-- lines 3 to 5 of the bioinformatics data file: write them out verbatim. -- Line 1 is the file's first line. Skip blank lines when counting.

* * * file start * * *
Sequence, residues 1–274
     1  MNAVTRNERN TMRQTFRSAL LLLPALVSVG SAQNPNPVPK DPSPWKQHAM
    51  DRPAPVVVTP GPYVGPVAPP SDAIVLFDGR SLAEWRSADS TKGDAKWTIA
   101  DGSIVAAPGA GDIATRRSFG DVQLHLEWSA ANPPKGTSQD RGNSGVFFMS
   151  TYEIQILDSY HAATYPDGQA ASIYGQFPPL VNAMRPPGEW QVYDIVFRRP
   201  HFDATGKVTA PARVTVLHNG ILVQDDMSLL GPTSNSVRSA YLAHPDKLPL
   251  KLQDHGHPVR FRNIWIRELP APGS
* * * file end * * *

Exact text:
    51  DRPAPVVVTP GPYVGPVAPP SDAIVLFDGR SLAEWRSADS TKGDAKWTIA
   101  DGSIVAAPGA GDIATRRSFG DVQLHLEWSA ANPPKGTSQD RGNSGVFFMS
   151  TYEIQILDSY HAATYPDGQA ASIYGQFPPL VNAMRPPGEW QVYDIVFRRP